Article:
But tears too, like flowers, and sometimes even like dreams, dry up. Nowhere is this more vividly demonstrated than at the city’s ‘Palace of Tears’, so named because of the many weeping that marked the parting of loved ones at one of the most famous entry point between East and West Berlin. Germany having been split by WWII allies, the capital Berlin, ended up wholly in East Germany, under the control of the Soviet Union, as opposed to the West that was controlled by the US, the UK and France. But the allies wanted a share of Berlin for themselves and so the city was split, one half for the western allies, the other for the Soviets. In 1961, the East German government, in a desperate move to prevent its disenchanted people from fleeing to the west, erected a massive wall surrounding the whole of West Berlin. And thus people who had crossed over to the other side of the city for trade, visit or other reasons in the morning, found they could not return to their homes by evening. It was that spontaneous. And between 1961 and 1989, Germans on different sides of the fence, needed a pass to cross over for a few hours to see relatives and friends and the partings, often at the Palace of Tears, were teary and emotional affairs.
Today, there is an exhibition there, featuring fragments of the old wall that had separated the city, pictures of one people divided, videos of the spontaneous erection of a wall and sealing of windows on buildings on the border, so people in the East couldn’t look into the West or dare an escape. There was a shocking video of a desperate young woman running right through the fence as it was being built, dangerously being entangled in the barbed wire and luckily being aided to escape. The walls were guarded by armed personnel and landmines. In 1989, this sad manifestation of repression was brought down by people power. And by 1990, the whole of Germany was unified.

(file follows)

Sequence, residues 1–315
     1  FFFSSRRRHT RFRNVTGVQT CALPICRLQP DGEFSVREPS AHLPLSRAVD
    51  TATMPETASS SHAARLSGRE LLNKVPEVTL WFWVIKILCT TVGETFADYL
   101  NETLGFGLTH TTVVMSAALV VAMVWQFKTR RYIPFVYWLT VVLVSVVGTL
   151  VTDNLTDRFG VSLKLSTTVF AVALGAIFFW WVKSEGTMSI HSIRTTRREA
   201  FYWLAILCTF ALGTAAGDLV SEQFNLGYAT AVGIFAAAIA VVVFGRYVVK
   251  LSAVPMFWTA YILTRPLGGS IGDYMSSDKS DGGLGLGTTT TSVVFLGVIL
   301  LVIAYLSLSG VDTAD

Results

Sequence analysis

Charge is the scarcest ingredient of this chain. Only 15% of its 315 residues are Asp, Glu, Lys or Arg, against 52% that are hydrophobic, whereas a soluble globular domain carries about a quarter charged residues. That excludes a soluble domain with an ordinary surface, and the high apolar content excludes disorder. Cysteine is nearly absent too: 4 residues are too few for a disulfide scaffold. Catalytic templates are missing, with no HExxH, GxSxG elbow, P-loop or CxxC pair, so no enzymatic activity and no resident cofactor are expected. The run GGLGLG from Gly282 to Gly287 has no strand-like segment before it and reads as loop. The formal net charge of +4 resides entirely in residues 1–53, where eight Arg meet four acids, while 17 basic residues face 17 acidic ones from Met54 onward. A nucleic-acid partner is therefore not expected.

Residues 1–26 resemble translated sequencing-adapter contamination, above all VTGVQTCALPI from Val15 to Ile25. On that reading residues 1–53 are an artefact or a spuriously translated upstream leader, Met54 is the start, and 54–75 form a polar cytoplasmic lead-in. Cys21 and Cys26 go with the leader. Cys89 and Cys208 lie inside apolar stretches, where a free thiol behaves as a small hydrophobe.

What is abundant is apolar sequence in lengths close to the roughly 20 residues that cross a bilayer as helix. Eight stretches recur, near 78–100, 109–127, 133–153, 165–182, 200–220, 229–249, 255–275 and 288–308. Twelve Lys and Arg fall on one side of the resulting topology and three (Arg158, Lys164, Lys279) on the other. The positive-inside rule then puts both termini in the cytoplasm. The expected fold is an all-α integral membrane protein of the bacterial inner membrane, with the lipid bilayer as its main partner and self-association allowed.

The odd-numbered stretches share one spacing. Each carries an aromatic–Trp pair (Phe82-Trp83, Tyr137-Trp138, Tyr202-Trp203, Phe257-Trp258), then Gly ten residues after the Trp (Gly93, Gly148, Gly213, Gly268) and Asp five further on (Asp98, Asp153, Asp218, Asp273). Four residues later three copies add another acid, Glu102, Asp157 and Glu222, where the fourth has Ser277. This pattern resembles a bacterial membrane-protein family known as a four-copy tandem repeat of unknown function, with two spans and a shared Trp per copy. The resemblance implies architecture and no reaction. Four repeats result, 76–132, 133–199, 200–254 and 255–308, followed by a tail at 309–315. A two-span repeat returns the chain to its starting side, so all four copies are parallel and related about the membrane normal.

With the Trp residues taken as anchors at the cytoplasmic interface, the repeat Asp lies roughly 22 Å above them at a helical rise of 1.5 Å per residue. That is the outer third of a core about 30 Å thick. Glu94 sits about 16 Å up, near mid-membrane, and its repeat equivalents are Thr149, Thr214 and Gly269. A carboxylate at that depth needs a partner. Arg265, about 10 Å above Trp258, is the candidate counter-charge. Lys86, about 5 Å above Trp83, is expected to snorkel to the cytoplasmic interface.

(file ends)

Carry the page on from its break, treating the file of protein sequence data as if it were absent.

A little later, crossing Berlin’s iconic Weidendamar Bruecke, the bridge straddling the Spree River, one is confronted by the spectacle, caught on from Paris, I hear, of lovers, attaching special padlocks symbolizing their loves on the rails of the bridge. The keys to these padlocks are often thrown into the bottom of the river to signify the unbreakable bond the lovers have forged. Romantic, but largely symbolic. These padlocks are often decorated with the name of the lovers and clusters of them have formed on the bridge, particularly on the wings of the Prussian Icarus on the rails.But perhaps the biggest padlock of all on that bridge, the one people will never see, is that of the East and West Berliners whose resilience has forged an unbreakable union. (Where better to overcome the trauma of a wall than at a bridge?) And the key to that padlock is most likely lost forever at the bottom of the Spree, like those children, ferried away on those trains, all those years before.